A24’s De Palma, directed by Noah Baumbach and Jake Paltrow, is about as direct a documentary as you could find. In just under two hours, film legend Brian De Palma recounts his entire filmmaking history, from his years at Columbia in the ’60s to his big-budget hits in the ’80s, ’90s and beyond.

The style is refreshing, in that De Palma’s story is told solely by himself. There are no filler spots for others to weigh in on his style or methodology. This creates a reflection for his own thoughts that, at times, are brutally honest and critical, not only of himself, but of those he worked with. Each film is a stepping-stone to the next, rolling forward and meshing into one another, revealing the intricate processes of the film industry and Brian’s role within it.

Working around film legends like Steven Spielberg, Martin Scorsese, and George Lucas in the early years of his craft just proved that cinema was his calling. For a career in something like show business, being able to network is the key to success. Yet, many seasoned actors were often the hardest to work with for De Palma. Orson Wells and Sean Connery couldn’t remember their lines, while Cliff Robertson’s unenthusiastic performance created rifts on set. Though the quarrels of having to work with actors proves tough, De Palma’s expertise proves also that directors with a great vision can make the tough things work.

No one expected a movie like Carrie to create Oscar buzz for Sissy Spacek or Piper Laurie. It was almost through sheer luck that De Palma’s history working with Spacek was enough to get her a screen test that became an inspiring performance. The way Brian discusses the movie gives insight to how frustrating Hollywood is for many filmmakers. Budgetary guidelines, casting choices and thematic elements were all qualms for MGM and United Artists while producing the movie. Before it took off as the horror classic that it is, the studio limited its press because of the image it would give them. By the time Dressed to Kill was being released, Brian was fighting with the ratings board about violence against women in the film, when he primarily just wanted to push boundaries and do something that hadn’t been done yet.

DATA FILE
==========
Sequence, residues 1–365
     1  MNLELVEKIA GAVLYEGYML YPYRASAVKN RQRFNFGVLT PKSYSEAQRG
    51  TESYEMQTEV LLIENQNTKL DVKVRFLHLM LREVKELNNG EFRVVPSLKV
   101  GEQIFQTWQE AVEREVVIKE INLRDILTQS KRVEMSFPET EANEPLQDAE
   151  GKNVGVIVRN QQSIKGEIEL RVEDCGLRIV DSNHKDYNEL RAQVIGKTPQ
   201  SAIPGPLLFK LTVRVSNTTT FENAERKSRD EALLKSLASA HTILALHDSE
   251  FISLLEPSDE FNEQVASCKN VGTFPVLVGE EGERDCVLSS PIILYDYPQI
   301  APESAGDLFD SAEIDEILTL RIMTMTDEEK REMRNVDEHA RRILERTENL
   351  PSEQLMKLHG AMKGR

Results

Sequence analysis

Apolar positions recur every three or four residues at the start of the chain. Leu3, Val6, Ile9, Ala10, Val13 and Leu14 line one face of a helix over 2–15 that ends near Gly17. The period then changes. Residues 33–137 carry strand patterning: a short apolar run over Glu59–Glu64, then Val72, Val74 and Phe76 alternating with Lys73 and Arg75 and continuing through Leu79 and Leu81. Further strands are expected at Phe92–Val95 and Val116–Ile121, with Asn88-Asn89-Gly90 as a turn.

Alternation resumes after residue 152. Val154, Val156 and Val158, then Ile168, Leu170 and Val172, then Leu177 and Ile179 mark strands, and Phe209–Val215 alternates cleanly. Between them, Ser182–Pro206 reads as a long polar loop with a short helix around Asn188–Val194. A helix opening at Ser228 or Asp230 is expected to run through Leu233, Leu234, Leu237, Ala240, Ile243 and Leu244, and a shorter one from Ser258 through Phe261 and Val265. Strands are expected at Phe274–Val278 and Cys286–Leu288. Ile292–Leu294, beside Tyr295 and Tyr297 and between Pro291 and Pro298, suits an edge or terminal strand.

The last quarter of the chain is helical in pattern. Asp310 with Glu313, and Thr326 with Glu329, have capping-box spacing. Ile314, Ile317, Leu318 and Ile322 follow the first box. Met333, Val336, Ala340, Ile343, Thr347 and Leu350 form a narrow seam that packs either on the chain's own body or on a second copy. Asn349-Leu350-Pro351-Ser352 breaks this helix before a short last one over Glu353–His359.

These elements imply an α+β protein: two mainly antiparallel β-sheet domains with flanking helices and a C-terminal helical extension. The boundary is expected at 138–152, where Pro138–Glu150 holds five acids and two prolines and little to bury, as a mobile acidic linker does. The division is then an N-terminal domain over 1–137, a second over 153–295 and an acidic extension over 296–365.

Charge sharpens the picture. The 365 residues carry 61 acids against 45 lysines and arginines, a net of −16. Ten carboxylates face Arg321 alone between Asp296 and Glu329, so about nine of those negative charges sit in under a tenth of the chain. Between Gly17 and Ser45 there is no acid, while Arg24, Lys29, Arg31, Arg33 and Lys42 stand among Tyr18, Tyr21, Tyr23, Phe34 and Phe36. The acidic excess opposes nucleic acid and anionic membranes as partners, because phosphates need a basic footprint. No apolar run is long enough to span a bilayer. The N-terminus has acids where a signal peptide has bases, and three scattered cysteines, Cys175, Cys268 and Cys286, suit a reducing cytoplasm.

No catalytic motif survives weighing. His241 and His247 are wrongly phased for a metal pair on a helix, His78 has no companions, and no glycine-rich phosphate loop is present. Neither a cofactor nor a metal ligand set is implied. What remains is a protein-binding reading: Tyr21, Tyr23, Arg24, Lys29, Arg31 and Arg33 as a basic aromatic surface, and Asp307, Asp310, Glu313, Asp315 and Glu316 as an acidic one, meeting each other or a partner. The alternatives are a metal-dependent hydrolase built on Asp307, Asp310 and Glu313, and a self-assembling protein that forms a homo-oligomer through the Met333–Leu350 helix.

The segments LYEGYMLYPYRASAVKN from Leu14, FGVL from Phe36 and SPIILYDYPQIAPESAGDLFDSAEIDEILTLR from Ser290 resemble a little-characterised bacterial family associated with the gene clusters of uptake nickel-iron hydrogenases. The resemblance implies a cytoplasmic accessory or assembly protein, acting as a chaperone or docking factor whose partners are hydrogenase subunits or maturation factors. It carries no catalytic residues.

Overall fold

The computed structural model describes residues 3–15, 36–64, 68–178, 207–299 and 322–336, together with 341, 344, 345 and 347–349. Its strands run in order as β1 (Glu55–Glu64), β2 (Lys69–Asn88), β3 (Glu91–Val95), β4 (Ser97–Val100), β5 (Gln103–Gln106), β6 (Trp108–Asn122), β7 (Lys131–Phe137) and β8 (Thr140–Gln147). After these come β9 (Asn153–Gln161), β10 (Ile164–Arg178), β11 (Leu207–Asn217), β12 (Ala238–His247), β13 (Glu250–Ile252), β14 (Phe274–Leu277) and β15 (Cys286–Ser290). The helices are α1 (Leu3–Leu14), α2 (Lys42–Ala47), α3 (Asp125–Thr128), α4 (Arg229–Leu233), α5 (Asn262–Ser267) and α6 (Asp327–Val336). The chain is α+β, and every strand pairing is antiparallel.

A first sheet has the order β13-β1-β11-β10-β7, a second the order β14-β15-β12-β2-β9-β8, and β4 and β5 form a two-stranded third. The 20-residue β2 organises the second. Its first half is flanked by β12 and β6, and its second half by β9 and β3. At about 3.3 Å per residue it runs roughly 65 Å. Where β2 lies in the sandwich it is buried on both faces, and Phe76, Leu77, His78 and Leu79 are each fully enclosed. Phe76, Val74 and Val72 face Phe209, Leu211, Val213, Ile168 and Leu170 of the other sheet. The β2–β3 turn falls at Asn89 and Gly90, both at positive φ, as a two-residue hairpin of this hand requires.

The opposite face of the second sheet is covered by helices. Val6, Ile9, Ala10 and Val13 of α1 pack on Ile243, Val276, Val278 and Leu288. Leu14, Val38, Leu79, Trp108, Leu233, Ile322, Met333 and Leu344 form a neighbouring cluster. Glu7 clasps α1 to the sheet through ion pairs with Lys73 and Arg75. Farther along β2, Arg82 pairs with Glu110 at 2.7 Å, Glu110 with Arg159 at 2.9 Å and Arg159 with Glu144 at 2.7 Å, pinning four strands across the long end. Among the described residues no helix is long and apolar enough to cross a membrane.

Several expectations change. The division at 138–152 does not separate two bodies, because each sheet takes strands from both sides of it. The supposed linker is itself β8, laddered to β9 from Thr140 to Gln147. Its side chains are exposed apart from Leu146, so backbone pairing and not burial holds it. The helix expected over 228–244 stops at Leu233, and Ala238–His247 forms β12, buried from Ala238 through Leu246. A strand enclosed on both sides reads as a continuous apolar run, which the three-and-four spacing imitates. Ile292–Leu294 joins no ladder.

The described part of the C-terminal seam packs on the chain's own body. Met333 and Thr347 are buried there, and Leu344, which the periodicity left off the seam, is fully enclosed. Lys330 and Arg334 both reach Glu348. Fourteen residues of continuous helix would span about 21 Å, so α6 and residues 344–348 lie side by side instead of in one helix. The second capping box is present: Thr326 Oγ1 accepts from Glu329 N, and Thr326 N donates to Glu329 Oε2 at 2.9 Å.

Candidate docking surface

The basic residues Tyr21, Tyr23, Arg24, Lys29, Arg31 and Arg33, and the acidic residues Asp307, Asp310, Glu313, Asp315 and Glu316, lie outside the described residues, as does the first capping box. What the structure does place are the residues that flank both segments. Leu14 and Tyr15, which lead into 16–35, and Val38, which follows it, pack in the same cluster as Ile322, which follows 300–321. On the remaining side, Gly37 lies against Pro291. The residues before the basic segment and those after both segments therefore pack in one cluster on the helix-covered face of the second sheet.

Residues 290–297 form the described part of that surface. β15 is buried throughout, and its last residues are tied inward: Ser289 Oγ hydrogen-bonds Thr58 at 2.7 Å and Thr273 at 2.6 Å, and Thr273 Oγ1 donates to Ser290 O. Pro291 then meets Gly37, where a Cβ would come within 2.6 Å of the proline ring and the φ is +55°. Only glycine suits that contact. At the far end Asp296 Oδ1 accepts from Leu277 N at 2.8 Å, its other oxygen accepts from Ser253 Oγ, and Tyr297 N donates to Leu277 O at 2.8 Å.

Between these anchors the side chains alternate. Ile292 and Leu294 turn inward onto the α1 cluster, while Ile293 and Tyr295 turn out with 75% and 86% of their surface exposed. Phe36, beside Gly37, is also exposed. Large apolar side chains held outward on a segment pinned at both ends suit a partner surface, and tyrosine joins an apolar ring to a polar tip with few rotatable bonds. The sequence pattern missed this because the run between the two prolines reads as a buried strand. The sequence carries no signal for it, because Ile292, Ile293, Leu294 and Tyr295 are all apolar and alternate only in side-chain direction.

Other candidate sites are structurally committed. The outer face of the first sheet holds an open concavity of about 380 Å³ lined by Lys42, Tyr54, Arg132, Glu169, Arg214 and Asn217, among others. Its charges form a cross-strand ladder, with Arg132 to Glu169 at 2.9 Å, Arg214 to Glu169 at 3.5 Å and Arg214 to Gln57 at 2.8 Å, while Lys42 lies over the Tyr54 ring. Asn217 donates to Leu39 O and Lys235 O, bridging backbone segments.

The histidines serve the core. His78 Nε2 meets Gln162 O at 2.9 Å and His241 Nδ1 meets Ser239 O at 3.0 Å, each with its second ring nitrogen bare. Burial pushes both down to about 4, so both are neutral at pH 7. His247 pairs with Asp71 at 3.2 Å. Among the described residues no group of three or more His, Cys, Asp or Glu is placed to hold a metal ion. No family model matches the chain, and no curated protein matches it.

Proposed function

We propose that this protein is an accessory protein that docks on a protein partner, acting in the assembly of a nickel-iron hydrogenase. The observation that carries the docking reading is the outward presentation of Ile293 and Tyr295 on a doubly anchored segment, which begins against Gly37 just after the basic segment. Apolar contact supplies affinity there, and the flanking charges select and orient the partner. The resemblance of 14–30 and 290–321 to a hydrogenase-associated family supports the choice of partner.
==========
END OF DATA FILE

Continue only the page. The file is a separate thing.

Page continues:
The documentary, in a nutshell, is the ever constant pull and tug that goes with having to please executives while maintaining the creative integrity of a product De Palma is proud to showcase. Sometimes the movies don’t quite come together, but mostly they hold their own. For the love of filmmaking, De Palma’s home movies were the essence of his passion. He concluded that, rather than getting caught up in the rigors of the film industry, students simply needed to know how to make a low-budget movie. In an understanding of the vainness of trying to make it in Hollywood, De Palma iterates, “What’s disappointing about teaching film is that 99 percent of them are going nowhere. Anyone that has a career, it’s a miracle.”

What’s most interesting about De Palma is understanding his own thinking and methodology as he progressed throughout the years. Drawing life experiences both on and off set helped him whenever he would need it. Whether it was following his father around to catch him in an affair that would influence his work or learning to integrate new industry equipment in ways that progressed a story, De Palma’s intellect is perhaps what makes him such a notable director. He constantly reflects on styles and instances in earlier films that influenced his movies. Films like Vertigo were inspiring for De Palma, while Hitchcock, himself, was notorious for going into extreme detail to make his own creations as perfect as possible.

While the pushback from producers and studio heads never seemed to cease for De Palma throughout his career, his clout became big enough to strong-arm them for needs essential to his productions. De Palma has proven that to roll over and give in to everything others wanted from him would ultimately cause an inferior end product. His vision is clear, and his understanding of how to make it is profound. When all is said and done, his movies would become a reflection of himself. Everything he has ever made is now an unchangeable archive that would represent him for eternity. He is truly one of the greats.

Review: 4.5/5